Head impact sensors are used to quantify biomechanical load exposure in every day practice and competition
In the US, there are more than four sports-related traumatic brain injuries every minute. There is emerging evidence that sports-related concussion (SRC) can affect academics, behaviors, and neurocognitive processes, such as working memory, concentration, processing speed, and eye and motor function.
A recent Institute of Medicine report on sports-related concussions in youth (read related blog post), revealed how little is known about concussion in the young brain and called for urgent attention to determine the incidence of SRCs in boys and girls by sport and demographic; research to identify unbiased, sensitive prognostic and diagnostic metric and marker; longitudinal studies to determine outcomes; and to delineate age- and sex-related biomechanical determinants of injury risk.
Objective Translational Multi-domain Early Concussion Assessment Study
This research project focuses specifically on developing a suite of quantitative assessment tools to enhance accuracy of sports-related concussion diagnoses, with a focus on eye-tracking and measures of cerebral blood flow. The study will determine sports settings with highest impact exposures and integrate across animal (porcine) and human studies to relate rapid head rotation magnitude and direction to short-term outcomes. These data will provide prognoses of the time-to-recovery and safe return-to-play for youth athletes. This study will also look at sex-specific data to see how prevention and diagnoses strategies need to be tailored for males and females.
Over the course of the 5-year study, researchers will pursue the following aims:
Aim 1- an unbiased numerical assessment suite for SRC will be developed and validated. Objective metrics include assessments of balance, oculomotor function, visual and auditory processing, and sleep. Researchers will determine if these metrics or certain combinations of these metrics identify the presence of SRC with high sensitivity and specificity and are predictive of days-to-clearance for sports. The research team will then validate the findings in a separate cohort.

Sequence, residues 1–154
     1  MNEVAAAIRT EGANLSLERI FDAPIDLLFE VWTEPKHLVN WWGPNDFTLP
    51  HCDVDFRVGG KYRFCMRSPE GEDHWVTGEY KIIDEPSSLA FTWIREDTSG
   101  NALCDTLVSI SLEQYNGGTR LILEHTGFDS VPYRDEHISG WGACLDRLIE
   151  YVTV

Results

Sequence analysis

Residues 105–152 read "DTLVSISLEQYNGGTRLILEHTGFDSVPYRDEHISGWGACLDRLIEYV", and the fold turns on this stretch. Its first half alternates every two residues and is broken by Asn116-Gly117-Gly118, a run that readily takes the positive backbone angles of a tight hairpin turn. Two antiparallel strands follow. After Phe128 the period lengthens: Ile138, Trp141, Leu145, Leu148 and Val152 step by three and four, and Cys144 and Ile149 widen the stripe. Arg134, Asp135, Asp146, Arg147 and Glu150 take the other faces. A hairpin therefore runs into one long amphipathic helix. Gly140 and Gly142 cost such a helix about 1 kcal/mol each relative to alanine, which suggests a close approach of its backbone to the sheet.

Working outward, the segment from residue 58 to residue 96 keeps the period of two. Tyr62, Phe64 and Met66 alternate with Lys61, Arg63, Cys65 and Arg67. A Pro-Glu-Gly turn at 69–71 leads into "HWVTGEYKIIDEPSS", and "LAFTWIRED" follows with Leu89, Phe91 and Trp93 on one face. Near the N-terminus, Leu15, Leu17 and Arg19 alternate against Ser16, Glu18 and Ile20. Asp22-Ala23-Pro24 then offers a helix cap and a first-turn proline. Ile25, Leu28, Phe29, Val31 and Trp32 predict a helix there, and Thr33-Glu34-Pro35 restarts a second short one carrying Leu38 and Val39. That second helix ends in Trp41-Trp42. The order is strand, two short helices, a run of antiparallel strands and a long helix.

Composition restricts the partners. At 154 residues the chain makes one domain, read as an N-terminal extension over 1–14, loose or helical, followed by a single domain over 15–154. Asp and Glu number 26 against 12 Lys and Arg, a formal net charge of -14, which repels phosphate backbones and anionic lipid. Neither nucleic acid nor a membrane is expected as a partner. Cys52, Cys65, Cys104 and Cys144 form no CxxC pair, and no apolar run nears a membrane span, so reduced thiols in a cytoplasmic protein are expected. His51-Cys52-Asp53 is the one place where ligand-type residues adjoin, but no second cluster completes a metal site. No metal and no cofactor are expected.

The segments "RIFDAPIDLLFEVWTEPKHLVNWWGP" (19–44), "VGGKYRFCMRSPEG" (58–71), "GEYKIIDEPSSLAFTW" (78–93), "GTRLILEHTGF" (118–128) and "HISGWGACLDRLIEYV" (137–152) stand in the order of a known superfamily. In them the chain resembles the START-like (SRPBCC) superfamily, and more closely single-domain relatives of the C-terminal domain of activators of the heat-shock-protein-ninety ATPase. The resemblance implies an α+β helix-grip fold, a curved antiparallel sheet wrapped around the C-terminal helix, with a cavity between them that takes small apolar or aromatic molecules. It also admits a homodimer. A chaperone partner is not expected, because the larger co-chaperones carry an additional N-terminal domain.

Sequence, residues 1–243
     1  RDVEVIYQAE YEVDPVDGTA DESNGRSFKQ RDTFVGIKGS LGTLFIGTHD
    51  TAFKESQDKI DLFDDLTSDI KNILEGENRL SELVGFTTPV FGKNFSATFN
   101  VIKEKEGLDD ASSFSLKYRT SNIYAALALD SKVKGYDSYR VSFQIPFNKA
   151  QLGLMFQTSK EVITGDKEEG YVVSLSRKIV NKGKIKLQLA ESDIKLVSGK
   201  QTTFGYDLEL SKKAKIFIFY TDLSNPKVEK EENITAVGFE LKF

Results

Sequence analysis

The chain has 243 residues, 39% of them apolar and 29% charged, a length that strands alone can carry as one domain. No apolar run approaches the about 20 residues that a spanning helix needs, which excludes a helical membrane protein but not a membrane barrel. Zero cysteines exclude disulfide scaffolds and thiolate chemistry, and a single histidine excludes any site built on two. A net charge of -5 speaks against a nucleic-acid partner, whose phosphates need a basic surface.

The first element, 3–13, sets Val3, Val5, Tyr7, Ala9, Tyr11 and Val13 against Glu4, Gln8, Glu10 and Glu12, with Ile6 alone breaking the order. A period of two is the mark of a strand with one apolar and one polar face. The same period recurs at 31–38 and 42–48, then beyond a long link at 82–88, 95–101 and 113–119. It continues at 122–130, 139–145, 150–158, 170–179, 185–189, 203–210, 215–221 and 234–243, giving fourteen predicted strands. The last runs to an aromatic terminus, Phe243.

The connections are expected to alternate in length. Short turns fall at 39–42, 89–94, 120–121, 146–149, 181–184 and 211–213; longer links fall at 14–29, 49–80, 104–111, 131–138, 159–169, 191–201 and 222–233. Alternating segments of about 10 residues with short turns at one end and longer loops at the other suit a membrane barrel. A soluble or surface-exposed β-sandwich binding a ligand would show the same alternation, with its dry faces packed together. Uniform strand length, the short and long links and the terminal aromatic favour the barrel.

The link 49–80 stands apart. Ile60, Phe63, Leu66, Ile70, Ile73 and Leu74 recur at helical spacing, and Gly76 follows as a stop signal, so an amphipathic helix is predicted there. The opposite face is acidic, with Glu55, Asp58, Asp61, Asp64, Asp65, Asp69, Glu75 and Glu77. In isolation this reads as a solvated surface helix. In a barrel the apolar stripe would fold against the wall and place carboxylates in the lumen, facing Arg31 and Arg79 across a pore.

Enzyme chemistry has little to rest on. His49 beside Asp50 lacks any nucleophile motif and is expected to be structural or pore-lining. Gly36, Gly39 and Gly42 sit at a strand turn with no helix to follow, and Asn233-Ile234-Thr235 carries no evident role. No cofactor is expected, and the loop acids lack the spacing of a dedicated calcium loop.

Aim 2 – Because the Aim 1 objective metrics are nonverbal and effort-independent, we are “translating” their use to an animal model of TBI where human-like measures of physical, cognitive, and sleep deficits are associated with SRC in piglets after rapid controlled head rotations. In Aim 2, we use this juvenile porcine TBI model to determine SRC mechanisms by relating the influence of sex and load frequency, magnitude and direction on neuro-function, biomarkers and neuropathology. Both single rapid head rotations will be studied as well as a multiple sub-concussive rotations. In this line of study, by developing new technologies to translate human outcome metrics to animals, we provide a human-like platform to develop and test injury treatments in the future.
Aim 3 – The insights from Aim 2 will be translated from animals to teens, where head impact sensors are used to quantify biomechanical load exposure by sport and sex, and relationships between load exposure and neuro-functional metrics using the numerical assessment suite developed in Aim 1. This will provide new knowledge regarding high-risk biomechanical settings for the young brain.
Of note, the study will use BOTH male and female high school athletes and piglets in a deliberately parallel study design to determine optimal SRC assessments and identify mechanistic relationships between sex, energy loading conditions, and SRC symptoms.
Funding: National Institutes of Health (National Institute of Neurological Diseases and Stroke)
Read Philadelphia Inquirer article "Concussions in Teen Athletes: Making Sure the Brain is Okay Before Getting Cleared to Play"